In recent times, there have been expressions of disquiet about the unforeseen consequences from two of the eight successful referenda carried in Australia. When delivering last year's Garfield Barwick Lecture, retired Chief Justice Murray Gleeson observed:
In 1977, the Australian Constitution was amended so as to require federal judges, including members of the High Court, to leave at the age of 70. On balance, I support the idea of a compulsory retiring age for judges, but I think it was a mistake to fix the age of 70 in the Constitution, which is notoriously difficult to amend. It would be better left to parliament to fix by legislation, as in the Australian states. That way parliament could respond to changing demographic and social circumstances.
Aboriginal disquiet about the unintended consequences of the 1967 referendum started to be expressed when the Commonwealth Parliament passed the Hindmarsh Island Bridge Act which was enacted by the Howard Government in 1997 to avoid the need for further inquiries into claims that the building of the bridge would interfere with the sacred sites of some of the Aboriginal women traditional owners of the area who chose not to disclose all their knowledge about sacred sites. Justice Jane Mathews had conducted a reputable inquiry and reported to government that though there was evidence that 'may well make the area a “significant Aboriginal area”, there is insufficient material from which the Minister could be satisfied that the building of the Hindmarsh Island Bridge would desecrate this area according to these traditions'. Though the Labor Party opposed the Hindmarsh Island Bridge Bill in the absence of an amendment rendering it subject to the Racial Discrimination Act, Labor did not oppose the building of the bridge. Labor's shadow minister Daryl Melham told Parliament:
Let us be clear about one thing. I took advice to the shadow cabinet back in September that said there was no impediment to the Hindmarsh Island Bridge being built if the federal government and the South Australian state government wanted to build it. That is what I took to the shadow cabinet in September. That is on the public record. What we have had since is a debate about procedure, a debate about process.
The Howard government passed the legislation because there had already been two Commonwealth inquiries into the women's claims and the government wanted certainty that the bridge could proceed without additional expenditure on another inquiry. When the High Court upheld the validity of the Hindmarsh Island Bridge Act, some Indigenous leaders expressed further disquiet that the Commonwealth Parliament by virtue of the 1967 referendum was given power to make laws adverse to the interests of Aborigines and not just for their benefit. That's precisely why Sir Robert Menzies did not favour the amendment to section 51(26) when he was Prime Minister.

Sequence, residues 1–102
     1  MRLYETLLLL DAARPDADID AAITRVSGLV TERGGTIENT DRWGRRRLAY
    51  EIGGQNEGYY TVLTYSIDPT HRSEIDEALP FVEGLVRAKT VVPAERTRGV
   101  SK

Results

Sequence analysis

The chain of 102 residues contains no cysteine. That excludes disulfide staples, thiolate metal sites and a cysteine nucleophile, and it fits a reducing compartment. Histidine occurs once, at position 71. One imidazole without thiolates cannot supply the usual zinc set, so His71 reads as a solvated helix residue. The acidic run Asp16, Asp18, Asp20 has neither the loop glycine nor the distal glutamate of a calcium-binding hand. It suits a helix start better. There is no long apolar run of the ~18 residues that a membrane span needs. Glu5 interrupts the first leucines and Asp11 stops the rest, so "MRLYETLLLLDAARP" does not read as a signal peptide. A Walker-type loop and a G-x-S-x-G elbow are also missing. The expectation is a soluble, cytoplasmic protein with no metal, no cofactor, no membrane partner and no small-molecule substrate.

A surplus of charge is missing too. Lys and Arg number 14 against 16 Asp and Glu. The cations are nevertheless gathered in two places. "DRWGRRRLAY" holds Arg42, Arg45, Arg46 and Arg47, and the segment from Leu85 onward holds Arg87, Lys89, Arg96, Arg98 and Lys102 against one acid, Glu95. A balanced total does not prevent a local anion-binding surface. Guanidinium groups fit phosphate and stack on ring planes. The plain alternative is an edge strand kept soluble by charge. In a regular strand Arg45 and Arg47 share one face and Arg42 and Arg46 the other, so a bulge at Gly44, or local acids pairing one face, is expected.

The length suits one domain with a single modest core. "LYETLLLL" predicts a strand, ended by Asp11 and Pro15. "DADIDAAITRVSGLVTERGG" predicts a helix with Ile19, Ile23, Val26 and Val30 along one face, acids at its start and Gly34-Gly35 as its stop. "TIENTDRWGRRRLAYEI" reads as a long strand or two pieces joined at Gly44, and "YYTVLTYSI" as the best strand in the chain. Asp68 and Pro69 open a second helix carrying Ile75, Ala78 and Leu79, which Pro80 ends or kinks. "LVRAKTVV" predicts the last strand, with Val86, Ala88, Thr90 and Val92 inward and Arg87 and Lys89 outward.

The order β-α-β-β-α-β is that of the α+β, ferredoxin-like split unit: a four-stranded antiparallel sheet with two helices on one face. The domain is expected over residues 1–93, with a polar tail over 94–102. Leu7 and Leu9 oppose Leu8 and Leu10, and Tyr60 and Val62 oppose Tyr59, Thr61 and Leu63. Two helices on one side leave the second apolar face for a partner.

Billy Snedden, the attorney-general in the Menzies Government, had submitted to cabinet a proposal for an amendment consistent with the position being put by Aboriginal groups and their supporters. He told Cabinet, 'I think the public believes that the underlying words in section 51(26) amount to discrimination. I do not personally accept that in truth they are: indeed, I think that their inclusion in the section constitutes a protection rather than a discrimination. But I think we must have regard to the electors' view of the matter.'
Aware that the Labor opposition was wanting to propose an amendment to Section 51(26), Prime Minister Menzies told parliament that it was curious to regard it as a discriminatory provision: 'In truth, the contrary is the fact.' He said that the unamended Section 51(26) could not work adverse discrimination upon Aborigines. Being a constitutional lawyer, he offered this analysis:
The words are a protection against discrimination by the Commonwealth Parliament in respect of Aborigines. The power granted is one which enables the Parliament to make special laws, that is discriminatory laws in relation to other races — special laws that would relate to them and not to other people. The people of the Aboriginal race are specifically excluded from this power. There can be in relation to them no valid laws which would treat them as people outside the normal scope of the law, as people who do not enjoy benefits and sustain burdens in common with other citizens of Australia.